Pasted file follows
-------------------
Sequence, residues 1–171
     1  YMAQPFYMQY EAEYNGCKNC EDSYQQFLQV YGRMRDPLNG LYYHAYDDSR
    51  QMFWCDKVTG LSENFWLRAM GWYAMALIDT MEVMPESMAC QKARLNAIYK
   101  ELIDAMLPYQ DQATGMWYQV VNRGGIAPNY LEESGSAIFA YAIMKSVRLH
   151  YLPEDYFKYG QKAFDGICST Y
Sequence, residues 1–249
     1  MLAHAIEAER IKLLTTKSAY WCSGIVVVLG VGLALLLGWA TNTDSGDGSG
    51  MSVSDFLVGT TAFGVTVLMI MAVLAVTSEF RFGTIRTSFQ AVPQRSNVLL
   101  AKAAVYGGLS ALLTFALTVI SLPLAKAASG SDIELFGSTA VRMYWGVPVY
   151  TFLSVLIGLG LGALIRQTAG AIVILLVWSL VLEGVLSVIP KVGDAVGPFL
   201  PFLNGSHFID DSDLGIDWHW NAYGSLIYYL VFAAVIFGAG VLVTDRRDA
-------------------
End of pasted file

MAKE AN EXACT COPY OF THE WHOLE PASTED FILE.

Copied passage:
Sequence, residues 1–171
     1  YMAQPFYMQY EAEYNGCKNC EDSYQQFLQV YGRMRDPLNG LYYHAYDDSR
    51  QMFWCDKVTG LSENFWLRAM GWYAMALIDT MEVMPESMAC QKARLNAIYK
   101  ELIDAMLPYQ DQATGMWYQV VNRGGIAPNY LEESGSAIFA YAIMKSVRLH
   151  YLPEDYFKYG QKAFDGICST Y
Sequence, residues 1–249
     1  MLAHAIEAER IKLLTTKSAY WCSGIVVVLG VGLALLLGWA TNTDSGDGSG
    51  MSVSDFLVGT TAFGVTVLMI MAVLAVTSEF RFGTIRTSFQ AVPQRSNVLL
   101  AKAAVYGGLS ALLTFALTVI SLPLAKAASG SDIELFGSTA VRMYWGVPVY
   151  TFLSVLIGLG LGALIRQTAG AIVILLVWSL VLEGVLSVIP KVGDAVGPFL
   201  PFLNGSHFID DSDLGIDWHW NAYGSLIYYL VFAAVIFGAG VLVTDRRDA